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The Path from Consumer Analytics to Data Science

Presented at Activate Product Discovery 2021. This talk describes the journey commerce teams should take from conducting relatively simple consumer analytics, to extracting themes and business intelligence from those analytics, to constructing use cases and objectives to attack from a data science perspective.

Om Kanwar, Lucidworks Data Scientist


Om Kanwar: Hi there. Welcome to Activate Product Discovery. Thank you for joining this session. My name is Om Kanwar, and I’m a data scientist on the digital commerce team here at Lucidworks. Today, I’m going to be talking about the relationship between analytics and data science. I started at Lucidworks, working as a data scientist on the PS team, focused on making our clients’ data science desires a reality.

One thing I noticed through numerous client engagements that I’ve participated in, it seemed that there was a lack of emphasis or understanding on the relationship between data science and analytics. Today, I’m going to talk about why analytics is essential to the adoption of data science, and some strategies for success, obviously with the focus on product discovery initiatives.

Every year at Lucidworks, we go through basecamp where we gather as a company to discuss and align on our company and product vision for the year ahead. One of the activities we do as part of this base camp is to craft individual mission statements with the help of our peers. My mission statement stemming from the activity is very topical for our discussion today, so I thought I would present it. And it’s gonna double as our agenda.

To deliver our client’s unique and differentiating data science features, which propels both their business forward and the expansion of the data science footprint within their organization.

I’d like to key in on two words here – differentiating and expansion – and discussing what it means to create differentiating data science features, and how you can expand data science across your organization.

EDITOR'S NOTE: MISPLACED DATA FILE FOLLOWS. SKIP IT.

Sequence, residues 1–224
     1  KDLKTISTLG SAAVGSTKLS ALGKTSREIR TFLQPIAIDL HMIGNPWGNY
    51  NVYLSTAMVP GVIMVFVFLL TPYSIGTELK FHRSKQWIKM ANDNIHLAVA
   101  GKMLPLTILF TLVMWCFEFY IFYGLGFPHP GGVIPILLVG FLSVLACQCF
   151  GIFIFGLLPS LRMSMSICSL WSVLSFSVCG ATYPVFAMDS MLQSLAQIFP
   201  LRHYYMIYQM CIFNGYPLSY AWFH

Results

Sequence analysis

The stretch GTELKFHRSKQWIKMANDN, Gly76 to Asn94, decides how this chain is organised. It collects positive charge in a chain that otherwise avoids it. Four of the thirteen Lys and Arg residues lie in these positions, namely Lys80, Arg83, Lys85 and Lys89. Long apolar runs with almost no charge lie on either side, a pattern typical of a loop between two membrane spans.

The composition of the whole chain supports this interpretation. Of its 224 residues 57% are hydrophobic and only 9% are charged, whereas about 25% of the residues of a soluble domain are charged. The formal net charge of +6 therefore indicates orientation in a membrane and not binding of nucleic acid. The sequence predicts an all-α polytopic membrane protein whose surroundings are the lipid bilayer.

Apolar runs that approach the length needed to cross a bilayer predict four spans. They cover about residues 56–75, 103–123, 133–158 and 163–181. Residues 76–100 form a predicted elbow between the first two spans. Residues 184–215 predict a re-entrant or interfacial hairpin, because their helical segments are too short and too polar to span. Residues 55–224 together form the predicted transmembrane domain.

I’ll posit that the most data science features are not the ones that use the fanciest technology, like a hot new neural network framework or something akin. But instead, the most valuable data science features are the ones that you can readily adopt into your strategy and actually execute on them. Your digital conference experience is not R and D, and it’s live right now, and it runs around the clock 365 days a year.

Therefore, you should be here not for data science theories but for actual data science execution strategies. Having teams grounded with this in mind is how you can create limitless applications for data science methodologies, both in product discovery and across other avenues in your organization

Let’s talk about what could be limiting organization or department today from adopting Data science methodology successfully. One thing that I have frequently seen while working with our clients is that oftentimes data science teams are siloed into a singular development or engineering focus. When you do this, you’re inherently limiting the possible impact of that data science team can have because they just lose exposure to other areas of the organization where they could have an impact

Directly relating to that, let’s talk about collaboration between analytics and data science teams. Again, you don’t want to hide potential opportunities for your data science teams to be involved. One way you can limit that possibility is by not having proper avenues of collaboration. I’ll share an anecdote there.